Russia raises rates in emergency move as ruble collapses


Russia raises rates in emergency move as ruble collapses:


Perhaps Russia could save money if it kept its Air Force, Army, and Navy at home instead of trying to compete with China to see who is the biggest bully on the block :D.



None of them come close to the king of bullies the US. Perhaps if Russia or maybe China could get more powerful they could ruin other countries currencies while being big hypocrites:D


Did we put sanctions against Russia? Is that why ruble is collapsing?
I read they are raising interest rate to 17%.
I don’t want to see Russia collapse. We already accept too many refugees!


Some took a hit in foreign-exchange derivatives.

Russian companies lost tens of billions of rubles on foreign-exchange derivatives amid a rout in the ruble, Interfax reported, citing Sergey Moiseev, the head of financial stability at the central bank.

Companies were forced to close out the contracts after the central bank’s move to a free-floating exchange rate exposed them to the world’s highest currency volatility amid a slump in oil prices, Moiseev said, according to Interfax. Most of the transactions were terminated ahead of schedule, triggering penalties, or were restructured, the report said.

I wonder if this crisis may have triggered some large credit default swaps (in that hazy world of financial instruments)?

The amounts of money won and lost during a currency crisis can be mind boggling.


The war in Ukraine is one factor. Another very large factor is the drop in oil prices worldwide (and OPEC’s recent decision not to cut production). The Russian economy is heavily based on oil, and so the dramatic drop in price recently has hurt the Russian currency considerably.

Edited to fix word – OPEC production, not prices.


One economist calls Russia’s economic meltdown an “unrecoverable spiral.”

What is happening to Russia’s economy? Russia faces a full-blown financial crisis, triggered by a sharp plunge in oil prices since this summer and international economic sanctions related to its actions in Ukraine. The ruble is collapsing. The currency fell to a record low on Monday after losing 10 percent of its value, its steepest drop since the 1998 Russian financial crisis – it is down more than 60 percent this year.

“The end is near for Russia’s economic and financial stability,” said Carl Weinberg, chief economist with High Frequency Economics, in a note. “This is an unrecoverable spiral. The combination of economic and financial sanctions by NATO governments and the crash of global oil prices has killed Russia’s economy.”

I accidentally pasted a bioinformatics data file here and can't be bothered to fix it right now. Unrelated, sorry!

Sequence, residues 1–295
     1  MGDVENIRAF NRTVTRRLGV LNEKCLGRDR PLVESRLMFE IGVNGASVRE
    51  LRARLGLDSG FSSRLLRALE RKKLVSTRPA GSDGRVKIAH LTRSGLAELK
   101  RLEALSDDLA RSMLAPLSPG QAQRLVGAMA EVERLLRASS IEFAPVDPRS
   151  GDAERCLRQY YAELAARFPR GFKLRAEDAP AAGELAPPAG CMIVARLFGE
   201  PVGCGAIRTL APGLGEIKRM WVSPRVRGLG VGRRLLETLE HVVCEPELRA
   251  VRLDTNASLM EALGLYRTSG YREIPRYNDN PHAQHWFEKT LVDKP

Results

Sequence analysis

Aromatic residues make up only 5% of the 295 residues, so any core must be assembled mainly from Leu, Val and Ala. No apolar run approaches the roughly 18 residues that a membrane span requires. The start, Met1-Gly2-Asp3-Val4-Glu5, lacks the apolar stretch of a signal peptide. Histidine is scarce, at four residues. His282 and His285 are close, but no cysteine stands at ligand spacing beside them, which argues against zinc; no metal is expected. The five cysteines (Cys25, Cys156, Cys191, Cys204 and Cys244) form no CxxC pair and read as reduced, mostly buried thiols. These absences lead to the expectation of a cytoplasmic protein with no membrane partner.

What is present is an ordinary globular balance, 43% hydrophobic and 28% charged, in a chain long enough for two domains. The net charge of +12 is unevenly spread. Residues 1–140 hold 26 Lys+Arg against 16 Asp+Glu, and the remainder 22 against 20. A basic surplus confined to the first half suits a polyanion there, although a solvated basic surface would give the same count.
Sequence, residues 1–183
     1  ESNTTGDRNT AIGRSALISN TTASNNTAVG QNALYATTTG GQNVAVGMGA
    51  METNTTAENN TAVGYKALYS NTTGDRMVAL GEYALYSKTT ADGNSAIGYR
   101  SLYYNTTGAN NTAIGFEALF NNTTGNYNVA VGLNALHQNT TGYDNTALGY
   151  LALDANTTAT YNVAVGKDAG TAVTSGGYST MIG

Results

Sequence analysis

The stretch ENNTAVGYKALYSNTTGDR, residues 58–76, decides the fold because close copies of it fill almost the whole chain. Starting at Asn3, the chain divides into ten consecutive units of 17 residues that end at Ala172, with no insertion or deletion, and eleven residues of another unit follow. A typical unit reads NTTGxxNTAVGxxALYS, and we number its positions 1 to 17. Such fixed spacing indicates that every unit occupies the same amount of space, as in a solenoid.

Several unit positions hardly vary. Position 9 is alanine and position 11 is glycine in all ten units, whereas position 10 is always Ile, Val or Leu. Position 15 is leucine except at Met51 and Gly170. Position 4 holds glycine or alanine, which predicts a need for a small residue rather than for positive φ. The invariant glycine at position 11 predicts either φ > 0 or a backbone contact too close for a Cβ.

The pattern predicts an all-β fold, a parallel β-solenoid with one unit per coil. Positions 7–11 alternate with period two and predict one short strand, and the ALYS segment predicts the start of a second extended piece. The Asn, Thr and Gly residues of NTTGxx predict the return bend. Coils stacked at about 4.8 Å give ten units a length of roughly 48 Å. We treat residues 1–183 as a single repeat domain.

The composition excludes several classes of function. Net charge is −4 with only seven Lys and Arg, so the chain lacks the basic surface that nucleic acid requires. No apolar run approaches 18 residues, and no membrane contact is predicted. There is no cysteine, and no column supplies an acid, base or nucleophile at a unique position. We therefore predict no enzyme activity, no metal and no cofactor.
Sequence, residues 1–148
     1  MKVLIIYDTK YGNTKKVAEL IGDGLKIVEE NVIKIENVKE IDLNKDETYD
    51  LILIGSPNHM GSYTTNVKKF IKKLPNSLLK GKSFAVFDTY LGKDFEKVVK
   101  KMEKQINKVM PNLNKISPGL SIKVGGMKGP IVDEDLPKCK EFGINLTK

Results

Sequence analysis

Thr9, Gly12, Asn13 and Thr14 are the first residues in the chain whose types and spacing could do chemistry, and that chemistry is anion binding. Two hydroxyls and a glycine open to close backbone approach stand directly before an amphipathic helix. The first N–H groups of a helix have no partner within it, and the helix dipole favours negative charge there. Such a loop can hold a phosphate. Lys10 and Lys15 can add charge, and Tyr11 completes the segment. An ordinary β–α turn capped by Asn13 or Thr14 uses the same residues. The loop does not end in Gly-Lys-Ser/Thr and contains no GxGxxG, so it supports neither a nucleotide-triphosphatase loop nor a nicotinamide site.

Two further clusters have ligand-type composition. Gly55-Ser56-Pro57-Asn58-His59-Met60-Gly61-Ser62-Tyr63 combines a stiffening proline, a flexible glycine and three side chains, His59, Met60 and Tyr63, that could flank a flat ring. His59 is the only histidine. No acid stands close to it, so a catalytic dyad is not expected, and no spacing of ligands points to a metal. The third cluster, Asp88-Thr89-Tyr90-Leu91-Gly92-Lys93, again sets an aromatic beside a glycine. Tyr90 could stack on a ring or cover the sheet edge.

How is Russia responding to the crisis? The Central Bank of Russia (CBR) surprised financial markets overnight by abruptly jacking up interest rates from 10.5 percent to 17 percent. The goal is to shore up the ruble, including the exchange rate with other currencies; maintain fiscal stability; forestall inflation; and discourage global investors from pulling their capital out of Russia. Of particular concern for policymakers is whether Russia has enough money in reserve to weather the decline in oil prices and its growing isolation from global capital markets.

The CBR has made a number of moves in recent months to soften the blow from sanctions and the drop in energy prices, with limited effect. The ruble continued to fall Tuesday ever after the massive rate hike, while gauges of financial risk, such as the price of credit insurance on Russian debt, are flashing red.


Breaking: POTUS will sign Russian sanctions bill. WH econ types say sanctions/oil prices/uncertainty have Russia on “brink of crisis.”

I wonder how Putin will respond? I suspect he will consider it an act of war or something close to it.


According to the Guardian. The US and Saudis are behind the drop in oil prices in a bid to ruin Russia’s economy

The west knows all about the vulnerability of Russia’s economy. When the introduction of sanctions over Russia’s support for the separatists in Ukraine failed to bring Vladimir Putin to heel, the US and the Saudi Arabians decided to hurt Russia by driving down oil prices. Both countries will face some collateral damage as a result – and this could be considerable in the case of the US shale sector – but both were prepared to take the risk on the grounds that Russia would suffer much more pain. This has proved to be


The pressure doesn’t look to be letting up. Vladimir Putin will almost certainly become more aggressive if the crisis depends. I just hope the Western leaders do not underestimate him.

Russian corporations and banks are scheduled to repay $30 billion in foreign loans this month.

And next year, about $130 billion will come due. There is no obvious source for these hard currency payments other than the central bank, whose credibility is now being called into question.


The US has really no influence on oil prices and in fact, cheap oil hurts US oil producers.